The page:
This certainly didn’t help with my self esteem. Once again, the cursed ADHD ruined me. Self loathing commenced. It took quite some time to rebound from that blow to the ego. And, realistically, I never actually did. That is the story for most gifted and talented children. We are expected to excel, which places tremendous pressure on us to push harder than we should. I’ve seen very talented high school football players get pushed beyond their bodies capabilities by a parent wanting nothing more than to see their child excel. There is a 14 year old published author that is now expected to produce his talent on a deadline. Of course, that supersedes his need to graduate high school, or even grow up. But this kid doesn’t want to let down the people depending on him to make them proud, give them bragging rights and make them money. Add in the fact that their “peers” will not be so supportive. Jealousy and envy would definitely be an issue for such a youngster. But that would typically be overlooked for the sake of progress.

I cannot be the only one to see the problem with that.

But then again, is that better than what happens to most? Like what happened to me. Ignore the gift for the sake of the disorder. And the child is left to dream of a future they no longer believe they can achieve. Why should they? They’re considered broken. And they will most definitely label themselves as such.

Ok, I can already hear you shouting at me ( I will not question if the shouting is in my head. I will not! I’m questioning it. Damn…). Enough of the pity party and depressive monologue. Give us something to smile about! You got it. This is easy.

Not everyone wants to ignore the Gifted. As a matter of fact, New Zealand Centre for Gifted Education (still wondering how you found a Californian Blogger!) aims to do exactly that. Shed light on the children that deserve to explore their gifts in a safe and normalized environment. Check out their site, listed below, and see for yourself. They start them small! They find the Gifted child at any age and put them through classes with peers that understand them, services geared toward helping them grow naturally and even consulting services for parents that want to help their child but not over burden them. They found a need and are trying to fill it in ways most seem to miss. (Where the hell were you when I was a kid? Oh, yeah. The 70’s….).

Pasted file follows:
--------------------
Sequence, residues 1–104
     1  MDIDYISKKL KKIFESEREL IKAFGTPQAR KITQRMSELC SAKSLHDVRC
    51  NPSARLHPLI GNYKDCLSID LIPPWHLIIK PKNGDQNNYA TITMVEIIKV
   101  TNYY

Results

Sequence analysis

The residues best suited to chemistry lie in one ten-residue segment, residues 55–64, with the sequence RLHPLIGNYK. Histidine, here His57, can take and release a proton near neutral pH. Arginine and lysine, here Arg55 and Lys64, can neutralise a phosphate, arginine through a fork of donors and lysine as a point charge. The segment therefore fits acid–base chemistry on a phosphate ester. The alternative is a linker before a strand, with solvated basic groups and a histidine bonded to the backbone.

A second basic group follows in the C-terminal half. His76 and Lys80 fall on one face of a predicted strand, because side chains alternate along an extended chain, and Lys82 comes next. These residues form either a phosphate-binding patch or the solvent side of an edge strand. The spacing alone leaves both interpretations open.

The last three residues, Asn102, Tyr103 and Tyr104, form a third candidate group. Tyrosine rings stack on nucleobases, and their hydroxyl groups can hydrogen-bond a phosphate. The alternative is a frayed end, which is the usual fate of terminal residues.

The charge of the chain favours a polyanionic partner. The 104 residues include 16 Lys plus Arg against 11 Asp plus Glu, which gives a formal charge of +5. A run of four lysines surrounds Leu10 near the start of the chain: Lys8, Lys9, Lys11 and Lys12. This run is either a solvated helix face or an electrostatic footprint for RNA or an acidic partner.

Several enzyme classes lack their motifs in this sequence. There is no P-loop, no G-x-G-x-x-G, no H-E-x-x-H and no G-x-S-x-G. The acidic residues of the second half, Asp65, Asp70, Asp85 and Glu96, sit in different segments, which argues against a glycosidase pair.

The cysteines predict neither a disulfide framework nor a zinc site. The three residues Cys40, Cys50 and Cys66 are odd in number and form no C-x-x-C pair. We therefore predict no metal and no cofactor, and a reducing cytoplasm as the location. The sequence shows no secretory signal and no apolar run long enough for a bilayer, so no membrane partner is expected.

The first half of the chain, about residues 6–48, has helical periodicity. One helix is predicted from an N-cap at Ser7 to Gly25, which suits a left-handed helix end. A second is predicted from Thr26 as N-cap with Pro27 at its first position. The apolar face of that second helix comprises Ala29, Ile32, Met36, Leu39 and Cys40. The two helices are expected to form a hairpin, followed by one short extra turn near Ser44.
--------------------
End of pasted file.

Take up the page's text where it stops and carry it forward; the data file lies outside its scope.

They even have a blog tour yearly as part of their New Zealand Gifted Awareness Week, giving everyone a chance to have their voice heard about their desire to assist a gifted child, or hear from the gifted child themselves. They even have members of their Parliament contribute and read the blog (Oh, now I see how they found me. That doesn’t sound at all suspicious…) so as to assist in any way they can.

This is what we need. This is what will work. We need to create a different environment for these creative little minds. It has been studied and proven that an ADHD child with positive support and the freedom to explore their own creativity become vastly more successful than those that do not. A child with no support system is forced to try to negotiate their own self doubts and lack of self esteem due to their condition and find their place in a world that has no place for them. They need to create their own little world in order to function. And when they do, they do it exceedingly well.

I highly suggest checking out the New Zealand Centre for Gifted Education. Especially if you think you have a gifted child, ADHD or not. Why wouldn’t you? You already know your child is a diamond in the rough. You know they’re meant for greatness and want desperately to give them the chance to be who they were meant to be. They’ve shown you just how amazing they are. Why not show the rest of us what they can do?

W

      Blog-tour-logo  New Zealand Centre for Gifted Education:    

http://nzcge.co.nz/

Research for Gifted children with ADHD:

http://www.tandfonline.com/doi/abs/10.1080/02783190009554028

http://gcq.sagepub.com/content/42/2/96.short

http://www.additudemag.com/adhd/article/812.html

http://www.drhallowell.com/add-adhd/add-students/tips-for-helping-kids-with-adhd-succeed-in-school/

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William

Born and raised in San Diego, California, I achieved a degree in Film and Television and currently work IT for a large corporation. Spends most of my time with my three children creating short films.